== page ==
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J Am Diet Assoc. 2006 Jun;106(6):917-20.

Consumers may not use or understand calorie labeling in restaurants.

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  • 1Department of Psychology, University of Vermont, 2 Colchester Avenue, John Dewey Hall, Burlington, VT 05405, USA.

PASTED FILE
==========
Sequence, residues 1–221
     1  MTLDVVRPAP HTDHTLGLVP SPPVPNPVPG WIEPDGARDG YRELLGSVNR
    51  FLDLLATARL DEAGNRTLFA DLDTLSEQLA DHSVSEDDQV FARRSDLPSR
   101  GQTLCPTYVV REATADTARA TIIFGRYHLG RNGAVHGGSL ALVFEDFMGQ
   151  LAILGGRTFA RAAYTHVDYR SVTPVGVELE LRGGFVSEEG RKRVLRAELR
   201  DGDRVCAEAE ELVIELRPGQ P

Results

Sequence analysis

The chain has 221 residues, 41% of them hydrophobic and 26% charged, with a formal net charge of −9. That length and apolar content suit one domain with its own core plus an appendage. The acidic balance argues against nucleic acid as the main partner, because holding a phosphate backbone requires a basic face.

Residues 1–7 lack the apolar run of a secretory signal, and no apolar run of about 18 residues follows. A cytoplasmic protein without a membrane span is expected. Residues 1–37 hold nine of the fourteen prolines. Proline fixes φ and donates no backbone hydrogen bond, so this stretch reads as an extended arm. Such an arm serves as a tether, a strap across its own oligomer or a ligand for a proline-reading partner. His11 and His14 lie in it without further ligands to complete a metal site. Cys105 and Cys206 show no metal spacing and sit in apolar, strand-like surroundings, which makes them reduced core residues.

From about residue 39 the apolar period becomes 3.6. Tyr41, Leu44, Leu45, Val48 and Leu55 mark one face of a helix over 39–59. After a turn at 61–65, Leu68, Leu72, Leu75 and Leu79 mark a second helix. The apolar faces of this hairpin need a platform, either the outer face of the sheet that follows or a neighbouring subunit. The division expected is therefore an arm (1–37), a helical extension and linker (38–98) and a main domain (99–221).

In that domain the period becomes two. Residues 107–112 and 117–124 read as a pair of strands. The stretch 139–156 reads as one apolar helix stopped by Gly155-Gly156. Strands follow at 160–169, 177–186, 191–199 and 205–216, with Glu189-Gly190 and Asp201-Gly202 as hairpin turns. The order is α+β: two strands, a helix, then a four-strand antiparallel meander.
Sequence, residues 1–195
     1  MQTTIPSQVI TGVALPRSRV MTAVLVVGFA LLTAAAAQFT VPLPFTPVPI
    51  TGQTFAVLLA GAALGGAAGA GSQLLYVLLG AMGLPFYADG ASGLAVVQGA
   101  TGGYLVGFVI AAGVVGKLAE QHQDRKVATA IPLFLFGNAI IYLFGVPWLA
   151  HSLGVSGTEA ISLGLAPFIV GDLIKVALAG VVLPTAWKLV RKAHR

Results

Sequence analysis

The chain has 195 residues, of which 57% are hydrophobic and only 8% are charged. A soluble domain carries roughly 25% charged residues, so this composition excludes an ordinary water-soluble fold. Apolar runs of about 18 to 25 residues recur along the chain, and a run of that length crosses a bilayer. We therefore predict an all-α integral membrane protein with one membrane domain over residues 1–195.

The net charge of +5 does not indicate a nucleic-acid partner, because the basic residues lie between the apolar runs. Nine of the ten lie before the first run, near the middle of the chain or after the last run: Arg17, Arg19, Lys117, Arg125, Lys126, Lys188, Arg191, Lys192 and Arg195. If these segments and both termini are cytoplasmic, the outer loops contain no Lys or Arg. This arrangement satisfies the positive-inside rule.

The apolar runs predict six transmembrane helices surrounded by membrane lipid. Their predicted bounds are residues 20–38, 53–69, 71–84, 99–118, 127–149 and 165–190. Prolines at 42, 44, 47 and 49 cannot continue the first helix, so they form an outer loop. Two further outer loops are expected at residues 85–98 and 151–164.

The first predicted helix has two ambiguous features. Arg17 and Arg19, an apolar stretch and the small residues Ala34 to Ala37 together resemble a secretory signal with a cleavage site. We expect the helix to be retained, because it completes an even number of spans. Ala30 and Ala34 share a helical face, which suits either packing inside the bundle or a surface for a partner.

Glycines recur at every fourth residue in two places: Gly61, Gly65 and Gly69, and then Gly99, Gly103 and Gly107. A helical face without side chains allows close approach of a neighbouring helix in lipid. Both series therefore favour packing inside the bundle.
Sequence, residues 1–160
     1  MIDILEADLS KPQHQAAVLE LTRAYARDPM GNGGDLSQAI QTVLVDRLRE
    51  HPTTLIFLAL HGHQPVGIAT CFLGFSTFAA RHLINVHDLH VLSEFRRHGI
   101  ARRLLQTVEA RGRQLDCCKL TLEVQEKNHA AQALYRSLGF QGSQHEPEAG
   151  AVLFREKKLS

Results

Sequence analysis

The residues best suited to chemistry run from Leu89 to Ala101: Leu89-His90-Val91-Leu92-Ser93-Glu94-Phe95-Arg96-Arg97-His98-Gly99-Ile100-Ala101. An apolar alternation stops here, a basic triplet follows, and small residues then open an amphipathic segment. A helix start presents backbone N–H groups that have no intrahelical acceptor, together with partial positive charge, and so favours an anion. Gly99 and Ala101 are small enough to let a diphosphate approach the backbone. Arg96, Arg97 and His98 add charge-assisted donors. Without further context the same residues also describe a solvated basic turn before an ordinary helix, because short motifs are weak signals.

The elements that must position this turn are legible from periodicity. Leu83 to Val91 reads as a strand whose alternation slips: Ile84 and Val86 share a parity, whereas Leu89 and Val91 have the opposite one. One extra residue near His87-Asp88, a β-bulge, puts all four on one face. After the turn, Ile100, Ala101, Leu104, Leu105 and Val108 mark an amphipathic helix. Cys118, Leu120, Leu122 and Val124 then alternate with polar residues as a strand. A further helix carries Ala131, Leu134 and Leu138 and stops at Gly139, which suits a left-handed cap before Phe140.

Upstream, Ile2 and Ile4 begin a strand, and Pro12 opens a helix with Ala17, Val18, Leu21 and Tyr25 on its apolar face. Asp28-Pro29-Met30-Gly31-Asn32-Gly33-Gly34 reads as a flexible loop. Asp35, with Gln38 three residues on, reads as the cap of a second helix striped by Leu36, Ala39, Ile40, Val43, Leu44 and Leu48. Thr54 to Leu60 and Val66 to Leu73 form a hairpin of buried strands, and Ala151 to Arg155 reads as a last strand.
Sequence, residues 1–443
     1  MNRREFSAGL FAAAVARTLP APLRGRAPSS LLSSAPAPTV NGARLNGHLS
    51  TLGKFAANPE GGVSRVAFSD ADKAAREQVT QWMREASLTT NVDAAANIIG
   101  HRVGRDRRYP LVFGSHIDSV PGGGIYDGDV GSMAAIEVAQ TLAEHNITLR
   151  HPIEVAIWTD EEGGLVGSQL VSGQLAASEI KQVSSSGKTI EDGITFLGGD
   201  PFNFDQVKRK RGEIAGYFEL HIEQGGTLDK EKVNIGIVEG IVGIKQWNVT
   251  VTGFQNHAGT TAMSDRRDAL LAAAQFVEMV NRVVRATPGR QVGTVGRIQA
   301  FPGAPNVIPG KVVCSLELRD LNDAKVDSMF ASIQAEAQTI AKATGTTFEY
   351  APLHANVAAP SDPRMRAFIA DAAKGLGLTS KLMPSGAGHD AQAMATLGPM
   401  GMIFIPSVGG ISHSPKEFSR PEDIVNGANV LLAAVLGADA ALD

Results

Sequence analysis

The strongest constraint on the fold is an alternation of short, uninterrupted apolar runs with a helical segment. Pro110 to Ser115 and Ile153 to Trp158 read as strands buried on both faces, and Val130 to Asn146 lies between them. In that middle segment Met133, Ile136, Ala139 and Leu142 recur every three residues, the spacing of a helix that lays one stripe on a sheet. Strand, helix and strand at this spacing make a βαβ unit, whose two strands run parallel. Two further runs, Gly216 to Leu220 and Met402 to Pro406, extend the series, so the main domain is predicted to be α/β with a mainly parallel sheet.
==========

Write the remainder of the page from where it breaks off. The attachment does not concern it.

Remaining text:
This study was an investigation of the possible utility of calorie labeling legislation in restaurants in community (n=649) and college student (n=316) samples. Only 48% to 66% of participants presently looked at food labels, and 64% to 73% were able to report accurate knowledge of daily caloric needs. Furthermore, 44% to 57% reported that they were not likely to use food label information in restaurants if it were available. Therefore, public education campaigns focused on calorie requirements may need to precede restaurant labeling, and perhaps other possibilities in labeling formats should be considered (eg, defining foods as "low," "moderate," and "high" calorie).

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